Gionee, a China-based smartphone player that made its India foray in March 2013, is among the top seven handset players in India, presently. The goal, we learn from Arvind Vohra, the Country CEO and Managing Director, is to infiltrate the top five by the year-end.
We spoke to him on the side-lines of the India Beach Fashion Week, an event presented by Gionee. Edited Excerpts.
We have a very well-planned roadmap for 2015, with our focus lying mainly on 4G devices.
We have an advantage over other players - We're a company from China; we have already adopted 4G there. Hence, we have the economies in place. Above a certain price point, we would want all our devices to be 4G. We are also particular about the screen size of our devices - we want to make sure they support the new technology for a unique customer experience.
For us, handset value is more important than handset sales. We do business of close to Rs. 250 crore a month. We have around 22,582 shops across the country, of which 5,763 have in-store promoters and are manned by our own people.
We have had a sound digital strategy in place for a long time. Our target audience is 12 to 18 years old. Of course, people right up to the age of 30 like to put themselves in the same bracket, thanks to the nature of the category. So, in a nutshell, our target group comprises people up to the age of 30... they are young at heart.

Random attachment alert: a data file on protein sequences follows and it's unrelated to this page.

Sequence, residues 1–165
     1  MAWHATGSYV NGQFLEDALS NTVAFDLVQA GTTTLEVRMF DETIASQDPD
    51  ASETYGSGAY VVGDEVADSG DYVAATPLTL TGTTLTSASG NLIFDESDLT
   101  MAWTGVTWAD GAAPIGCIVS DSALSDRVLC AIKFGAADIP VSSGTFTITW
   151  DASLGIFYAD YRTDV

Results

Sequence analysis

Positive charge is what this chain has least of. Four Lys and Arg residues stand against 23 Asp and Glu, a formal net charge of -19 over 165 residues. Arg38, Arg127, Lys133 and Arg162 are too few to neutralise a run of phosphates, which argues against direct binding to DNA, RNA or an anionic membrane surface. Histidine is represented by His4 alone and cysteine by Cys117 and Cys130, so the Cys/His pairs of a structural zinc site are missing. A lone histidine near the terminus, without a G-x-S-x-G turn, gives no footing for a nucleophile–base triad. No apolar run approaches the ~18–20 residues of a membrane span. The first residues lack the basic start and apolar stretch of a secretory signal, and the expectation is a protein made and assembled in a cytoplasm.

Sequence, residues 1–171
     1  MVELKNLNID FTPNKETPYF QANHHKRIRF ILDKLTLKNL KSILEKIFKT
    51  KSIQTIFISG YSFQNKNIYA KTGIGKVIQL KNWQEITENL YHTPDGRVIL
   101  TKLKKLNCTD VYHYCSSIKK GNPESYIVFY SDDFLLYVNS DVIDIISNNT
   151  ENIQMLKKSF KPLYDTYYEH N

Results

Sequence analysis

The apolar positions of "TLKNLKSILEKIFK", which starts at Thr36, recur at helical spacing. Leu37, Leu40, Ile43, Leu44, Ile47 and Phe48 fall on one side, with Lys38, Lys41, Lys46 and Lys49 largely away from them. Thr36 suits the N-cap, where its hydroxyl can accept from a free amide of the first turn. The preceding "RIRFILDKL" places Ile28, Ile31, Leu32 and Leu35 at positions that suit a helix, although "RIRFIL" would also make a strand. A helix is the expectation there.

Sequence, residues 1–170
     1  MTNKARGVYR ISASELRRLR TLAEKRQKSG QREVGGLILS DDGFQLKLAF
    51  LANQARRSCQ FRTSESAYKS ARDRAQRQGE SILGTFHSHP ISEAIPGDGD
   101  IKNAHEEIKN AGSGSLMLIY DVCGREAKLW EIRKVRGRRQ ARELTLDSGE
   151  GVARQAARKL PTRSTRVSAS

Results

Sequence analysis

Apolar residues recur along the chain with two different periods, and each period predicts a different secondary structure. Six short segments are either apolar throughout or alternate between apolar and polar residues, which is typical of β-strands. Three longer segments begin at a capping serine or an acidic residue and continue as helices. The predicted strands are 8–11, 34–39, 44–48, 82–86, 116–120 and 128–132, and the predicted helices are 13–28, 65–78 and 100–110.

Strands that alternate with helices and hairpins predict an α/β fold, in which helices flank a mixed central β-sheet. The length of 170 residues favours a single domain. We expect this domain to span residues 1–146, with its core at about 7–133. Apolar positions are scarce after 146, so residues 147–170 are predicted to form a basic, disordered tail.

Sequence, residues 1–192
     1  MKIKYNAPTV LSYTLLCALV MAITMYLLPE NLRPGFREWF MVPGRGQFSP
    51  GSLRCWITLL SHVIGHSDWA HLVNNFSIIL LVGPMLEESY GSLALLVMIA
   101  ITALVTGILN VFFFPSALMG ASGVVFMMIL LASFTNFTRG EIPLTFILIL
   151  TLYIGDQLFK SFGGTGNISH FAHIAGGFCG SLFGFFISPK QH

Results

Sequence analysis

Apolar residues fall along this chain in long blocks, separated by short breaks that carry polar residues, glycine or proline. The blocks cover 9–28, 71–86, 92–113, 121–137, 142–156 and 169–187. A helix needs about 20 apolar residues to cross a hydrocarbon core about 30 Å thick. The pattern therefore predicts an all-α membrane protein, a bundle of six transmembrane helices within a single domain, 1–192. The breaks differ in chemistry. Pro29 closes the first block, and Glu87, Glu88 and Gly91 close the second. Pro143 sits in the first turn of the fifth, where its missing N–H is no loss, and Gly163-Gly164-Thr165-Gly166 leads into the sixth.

We strive to generate a lot of content through partnerships and sponsoring events like the India Beach Fashion Week, Supersonic, Sunburn, etc. because our target audience loves to associate with such events.
We don't source; we are a manufacturer. That enables us to bring to our users the latest innovations faster, and more assuredly than competition. We have a capacity of 80 million devices a year and do business of over 2.3 billion dollars, annually.
Volume-wise, I doubt it, but value-wise, yes!
In my opinion, it's not smartphones that are driving the business; rather, it's the need for the internet that is doing so. Internet penetration is expected to increase on devices like smartphones, not on tablets or PCs. It's the need to use the internet on a personal device that is pushing the business.
When we entered the market, we realised that the metros were saturated with large, organised players controlling a large share. Metros are very badge-value conscious; they place a lot of value on brands. For us, smaller cities - where distributors still have a lot of influence and reach of their own - were a better bet to get consumer acceptance. From there, it was easy to go national, with the momentum of numbers from these markets behind us.
It is quite difficult to say which brand is on top, but according to me Samsung has the pole position right now.